Timothy Cain is the founder of GoodCarBadCar.net, which obsesses over the free and frequent publication of U.S. and Canadian auto sales figures. Follow on Twitter @goodcarbadcar and on Facebook.

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39 Comments on “Mini-MPVs Just Won’t Hurry Up And Die Already...”


  • avatar
    Arthur Dailey

    Have a previous generation Kia Rondo and quite frankly we love it.

    From a 6’1″ plus drive to a 5’2″ driver, all can find a comfortable driving position with great sightlines.

    More than enough room in the back for 2 for extended trips and 3 for regular trips. Plus lots of luggage space behind them, including Clarkson’s requirement of ‘room for a dog’. A 6’10” friend was impressed by the amount of head and legroom.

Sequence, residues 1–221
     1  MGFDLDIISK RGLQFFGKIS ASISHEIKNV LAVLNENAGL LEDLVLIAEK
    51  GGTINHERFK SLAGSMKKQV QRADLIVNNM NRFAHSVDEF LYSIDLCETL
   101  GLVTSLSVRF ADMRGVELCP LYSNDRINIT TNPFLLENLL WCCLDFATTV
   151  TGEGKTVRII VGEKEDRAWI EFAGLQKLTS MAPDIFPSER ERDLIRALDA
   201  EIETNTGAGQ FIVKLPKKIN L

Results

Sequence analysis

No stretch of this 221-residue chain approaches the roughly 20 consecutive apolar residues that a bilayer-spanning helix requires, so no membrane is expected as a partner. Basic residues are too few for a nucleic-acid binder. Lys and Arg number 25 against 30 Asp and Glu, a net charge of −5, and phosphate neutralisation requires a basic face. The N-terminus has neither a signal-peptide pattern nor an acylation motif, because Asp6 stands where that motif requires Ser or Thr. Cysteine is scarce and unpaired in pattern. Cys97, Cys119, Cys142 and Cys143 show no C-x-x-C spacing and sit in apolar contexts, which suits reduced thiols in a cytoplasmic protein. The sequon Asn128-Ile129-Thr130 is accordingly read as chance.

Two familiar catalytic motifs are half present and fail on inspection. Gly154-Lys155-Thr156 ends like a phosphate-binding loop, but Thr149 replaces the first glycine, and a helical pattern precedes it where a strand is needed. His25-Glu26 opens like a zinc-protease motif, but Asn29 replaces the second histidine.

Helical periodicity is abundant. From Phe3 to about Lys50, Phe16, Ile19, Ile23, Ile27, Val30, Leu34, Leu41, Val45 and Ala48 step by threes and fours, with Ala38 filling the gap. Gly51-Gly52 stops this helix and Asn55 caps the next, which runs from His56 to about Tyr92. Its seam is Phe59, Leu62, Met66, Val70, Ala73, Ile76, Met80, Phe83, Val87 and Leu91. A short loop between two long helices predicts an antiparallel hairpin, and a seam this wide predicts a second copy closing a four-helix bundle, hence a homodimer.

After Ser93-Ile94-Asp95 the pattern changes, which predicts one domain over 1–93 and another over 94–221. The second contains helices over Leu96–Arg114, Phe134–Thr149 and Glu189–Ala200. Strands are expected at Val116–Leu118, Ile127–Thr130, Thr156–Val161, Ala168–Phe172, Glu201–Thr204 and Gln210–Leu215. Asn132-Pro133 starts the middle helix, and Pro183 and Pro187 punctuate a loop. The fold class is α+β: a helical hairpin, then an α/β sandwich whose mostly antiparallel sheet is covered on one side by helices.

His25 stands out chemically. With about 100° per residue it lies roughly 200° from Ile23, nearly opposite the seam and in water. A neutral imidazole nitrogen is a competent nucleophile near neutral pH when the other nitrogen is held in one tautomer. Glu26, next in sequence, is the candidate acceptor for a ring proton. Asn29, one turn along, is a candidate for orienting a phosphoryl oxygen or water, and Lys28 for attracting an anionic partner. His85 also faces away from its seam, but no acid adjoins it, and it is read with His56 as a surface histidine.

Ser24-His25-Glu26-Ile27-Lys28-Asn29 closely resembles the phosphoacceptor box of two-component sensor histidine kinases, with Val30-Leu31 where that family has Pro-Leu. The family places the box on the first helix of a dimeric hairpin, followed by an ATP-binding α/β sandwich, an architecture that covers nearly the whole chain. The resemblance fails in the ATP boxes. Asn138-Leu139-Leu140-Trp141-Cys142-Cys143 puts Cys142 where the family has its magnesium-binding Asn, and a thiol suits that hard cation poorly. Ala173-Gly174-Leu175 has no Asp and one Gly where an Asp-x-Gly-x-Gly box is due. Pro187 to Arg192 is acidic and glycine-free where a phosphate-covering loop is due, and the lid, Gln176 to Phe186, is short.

‘Er Indoors finds it much easier to drive than the previous Grand Caravan.

    When you travel throughout Ontario and Quebec you still see quite a few being used as taxis. A role for which they are particularly well suited. More than a few companies also used them as courier vehicles.

    When objectively measured it could be pound for pound the best value of any vehicle that I have owned, including my lamented Honda Civic Realtime 4wd Wagovan. Some nice touches like standard heated seats, heated mirrors, Bluetooth (before it was required), leather wrapped shifter and steering wheel, rear seat vents in both the floor and the centre console, and ‘active’ head restraints. Even a hook for a purse on the passenger side.